Driving Miss Daisy And Making Peace With Wal-Mart
Several years ago I found myself in the position of having to take my aging mother's car keys away from her. Now, before you start to judge me about that, I need to explain that my mother has macular degeneration and is legally blind. At the time I had no idea how bad her eyesight had become. I just happened to take her to her eye specialist that day and before he left the exam room I simply asked him what her driving limitations should be. An innocent enough question, right? Well, his reply startled me: "It should be limited to her driveway." OH MY! I knew that was bad news on a couple of different levels: short-term, she was FURIOUS that he had said that and long-term, it was going to be my misfortune to have to "convince" (tell...) her she could no longer drive. Now, while I knew that this was a task that must be done, I had no idea how difficult it was going to be for both of us. Her, because she was losing some of her independence and me...well, me because she told me if I took her keys away she was going to "Beat my ass with her cane"! (Sorry...her words, not mine.)
I sort of made things alright with her (although, the subject of her not being able to drive comes up weekly...sigh) by hiring a driver for her. She has had three throughout the years and loved each and every one of them. Recently, however, my husband thought that I should perhaps start driving her again (I attempted it once for a short period of time...). She is, after all, getting older (85 this year...) and it would be good for me to spend some time with her. I will ashamedly admit that I wasn't overjoyed at this fact because driving my mom is a little like "Driving Miss Daisy".
Have you ever seen that movie, "Driving Miss Daisy"? If not, you need to. If you have...well, you know that Miss Daisy could be a "little" cantankerous; she likes things done "Her" way. Now, there's nothing wrong with having things done ones own way, but it DOES take a little getting used to and a LOT of patience for the one doing the driving. The first matter is that every week there MUST be a trip to Wal-Mart. Before (and most times still...) I began "Driving Miss Daisy", I literally cringed at the thought of walking into a Wal-Mart. I once had a panic attack in Wal-Mart while shopping there during the holidays and I pretty much swore off Wal-Mart at that point. I like to shop at Target, that's just my store of preference. Therefore, my first time out with Miss Daisy, I attempted to convince her to let it be HER store of choice as well.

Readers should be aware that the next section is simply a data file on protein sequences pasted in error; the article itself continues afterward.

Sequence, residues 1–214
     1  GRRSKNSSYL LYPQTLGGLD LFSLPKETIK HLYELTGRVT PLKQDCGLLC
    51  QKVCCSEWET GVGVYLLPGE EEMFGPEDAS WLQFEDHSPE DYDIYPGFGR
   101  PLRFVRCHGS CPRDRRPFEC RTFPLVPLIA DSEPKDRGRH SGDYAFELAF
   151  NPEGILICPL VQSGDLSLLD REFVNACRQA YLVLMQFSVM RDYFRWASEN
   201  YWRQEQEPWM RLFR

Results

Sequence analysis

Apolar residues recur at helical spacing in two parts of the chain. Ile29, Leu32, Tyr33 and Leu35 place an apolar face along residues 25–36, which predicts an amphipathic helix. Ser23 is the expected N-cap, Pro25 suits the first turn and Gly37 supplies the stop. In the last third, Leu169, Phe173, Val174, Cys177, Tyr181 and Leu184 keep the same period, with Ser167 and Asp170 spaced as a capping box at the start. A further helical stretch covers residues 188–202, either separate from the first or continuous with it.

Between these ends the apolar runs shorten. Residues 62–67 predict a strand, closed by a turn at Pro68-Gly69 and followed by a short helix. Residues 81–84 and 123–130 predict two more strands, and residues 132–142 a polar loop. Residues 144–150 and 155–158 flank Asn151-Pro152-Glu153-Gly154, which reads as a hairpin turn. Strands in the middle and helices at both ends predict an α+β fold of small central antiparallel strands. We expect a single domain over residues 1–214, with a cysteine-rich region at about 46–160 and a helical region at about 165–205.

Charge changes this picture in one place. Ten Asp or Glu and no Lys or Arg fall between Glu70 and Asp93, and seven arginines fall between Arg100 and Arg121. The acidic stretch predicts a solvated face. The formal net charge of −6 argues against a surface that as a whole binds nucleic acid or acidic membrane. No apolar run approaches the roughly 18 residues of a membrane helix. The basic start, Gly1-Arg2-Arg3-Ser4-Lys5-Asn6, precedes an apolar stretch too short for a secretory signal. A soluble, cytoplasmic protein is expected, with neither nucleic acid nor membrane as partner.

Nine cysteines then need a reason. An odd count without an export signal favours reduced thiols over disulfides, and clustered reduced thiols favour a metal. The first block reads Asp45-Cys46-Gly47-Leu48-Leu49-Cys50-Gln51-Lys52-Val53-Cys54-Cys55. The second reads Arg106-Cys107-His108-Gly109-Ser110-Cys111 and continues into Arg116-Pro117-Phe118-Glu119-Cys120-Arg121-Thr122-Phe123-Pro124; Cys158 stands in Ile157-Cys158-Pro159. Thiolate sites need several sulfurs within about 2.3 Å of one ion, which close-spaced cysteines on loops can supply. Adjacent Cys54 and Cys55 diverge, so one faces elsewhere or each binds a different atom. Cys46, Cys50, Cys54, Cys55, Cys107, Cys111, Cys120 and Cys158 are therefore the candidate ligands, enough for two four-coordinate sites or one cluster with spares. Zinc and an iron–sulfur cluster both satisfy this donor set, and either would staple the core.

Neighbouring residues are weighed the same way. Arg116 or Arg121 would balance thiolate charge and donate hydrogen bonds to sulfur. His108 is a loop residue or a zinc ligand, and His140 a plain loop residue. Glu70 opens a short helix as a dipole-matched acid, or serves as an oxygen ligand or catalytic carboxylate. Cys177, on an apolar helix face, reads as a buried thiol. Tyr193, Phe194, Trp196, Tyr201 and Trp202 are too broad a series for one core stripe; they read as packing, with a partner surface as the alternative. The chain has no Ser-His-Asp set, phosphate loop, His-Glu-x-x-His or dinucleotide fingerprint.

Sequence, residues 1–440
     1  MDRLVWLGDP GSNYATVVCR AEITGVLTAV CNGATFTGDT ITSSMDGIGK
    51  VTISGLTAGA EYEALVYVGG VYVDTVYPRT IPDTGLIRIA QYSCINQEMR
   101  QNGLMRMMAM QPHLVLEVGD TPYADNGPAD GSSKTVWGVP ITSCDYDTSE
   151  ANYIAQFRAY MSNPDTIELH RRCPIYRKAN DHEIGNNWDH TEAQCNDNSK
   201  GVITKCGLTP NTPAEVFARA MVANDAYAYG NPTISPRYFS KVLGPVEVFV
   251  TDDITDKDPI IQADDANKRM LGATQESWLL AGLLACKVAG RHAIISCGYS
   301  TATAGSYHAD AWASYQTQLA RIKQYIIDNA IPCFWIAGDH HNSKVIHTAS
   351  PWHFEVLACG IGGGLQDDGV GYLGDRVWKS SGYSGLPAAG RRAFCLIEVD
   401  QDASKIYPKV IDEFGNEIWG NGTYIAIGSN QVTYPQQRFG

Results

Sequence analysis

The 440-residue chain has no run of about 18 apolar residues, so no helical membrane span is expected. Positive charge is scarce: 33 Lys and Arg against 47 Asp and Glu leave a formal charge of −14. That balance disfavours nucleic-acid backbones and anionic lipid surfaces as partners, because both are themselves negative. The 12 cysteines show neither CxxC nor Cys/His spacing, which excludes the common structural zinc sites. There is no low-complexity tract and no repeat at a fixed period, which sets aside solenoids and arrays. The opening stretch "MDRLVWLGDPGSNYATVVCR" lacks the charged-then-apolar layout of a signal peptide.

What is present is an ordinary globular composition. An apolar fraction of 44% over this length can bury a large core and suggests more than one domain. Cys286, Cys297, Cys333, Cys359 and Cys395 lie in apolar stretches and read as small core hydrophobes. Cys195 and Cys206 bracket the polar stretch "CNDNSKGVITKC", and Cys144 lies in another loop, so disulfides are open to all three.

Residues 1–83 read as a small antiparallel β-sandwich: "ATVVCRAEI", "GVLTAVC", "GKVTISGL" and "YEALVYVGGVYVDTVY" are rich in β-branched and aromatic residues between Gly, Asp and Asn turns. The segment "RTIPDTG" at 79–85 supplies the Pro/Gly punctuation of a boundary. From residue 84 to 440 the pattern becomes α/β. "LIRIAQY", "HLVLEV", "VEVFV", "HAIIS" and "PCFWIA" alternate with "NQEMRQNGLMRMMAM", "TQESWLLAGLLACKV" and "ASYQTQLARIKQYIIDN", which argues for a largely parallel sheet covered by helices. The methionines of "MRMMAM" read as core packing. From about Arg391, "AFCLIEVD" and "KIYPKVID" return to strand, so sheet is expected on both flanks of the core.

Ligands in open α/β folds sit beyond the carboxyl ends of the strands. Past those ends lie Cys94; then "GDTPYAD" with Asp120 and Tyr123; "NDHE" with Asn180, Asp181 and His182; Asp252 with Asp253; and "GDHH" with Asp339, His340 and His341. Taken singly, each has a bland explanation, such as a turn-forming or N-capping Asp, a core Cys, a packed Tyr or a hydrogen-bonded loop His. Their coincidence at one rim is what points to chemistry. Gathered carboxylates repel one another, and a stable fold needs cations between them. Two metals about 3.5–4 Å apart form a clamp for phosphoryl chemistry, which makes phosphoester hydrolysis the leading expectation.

Miss Daisy didn't exactly say no to Target, she even enjoyed looking around the store. However, the "exact" items she needed were not to be found at Target. What do I mean by "exact"? Well, that is another little game we play and one that I have finally learned the rules to. She makes a list and I do not merely pick it up and find the items listed. OH NO, NO, NO...I have learned to ask for all the empty bottles and packages to be set out on the table so I can see EXACTLY what the item looks like. Because if I bring something back that doesn't match that item, it has to go back. And I REALLY don't want to go back to Wal-Mart. I didn't give up on trying to get her to bend to my ways, though, after glancing at her list one day and declaring that I thought we could get everything on the list at Kroger; I needed to go to Kroger myself. As I waited for her to OK this idea, I could see the wheels in her head turning. Then she asked, "Even the items that need to be purchased in the pharmacy?" Smiling and feeling very confident now, I informed her that indeed they did have a pharmacy at Kroger. Quite simply she asked, "And they are as cheap as Wal-Mart?" Well, she got me there...I headed to Wal-Mart.
I suppose it was at that point that I realized that if I didn't bend, I would break. I was making this Wal-Mart thing too much of a big deal in my own mind. Was it really that much trouble? Sure, I hated going to that store but due to my own selfish reasons. If my mother wanted to make a weekly trip to get out of the house, I would learn to embrace (well, perhaps "embrace" is not the right word...) it. After all, at some point, we all come the the realization that our parents are not going to live forever and should 't we sacrifice for them the way that they did for us while we were growing up? I'm pretty sure my mother did a lot of things and took me a lot of places she wasn't that fond of too. And so each Thursday I find myself wandering the aisles of Wal-Mart, no longer searching for those once unfamiliar items. I now know the items, brands and their places on the shelves by heart. My mother gets to get out of the house and wander around, meeting me at a designated place at the end of our shopping trip. We usually eat out afterwards or pick up lunch and then go back to her house to visit for a while. When it all comes down to "Driving Miss Daisy and Wal-Mart", I think "bending" was a much better choice than "breaking". I may not have "embraced" Wal-Mart"...but I HAVE made peace with it.
More from living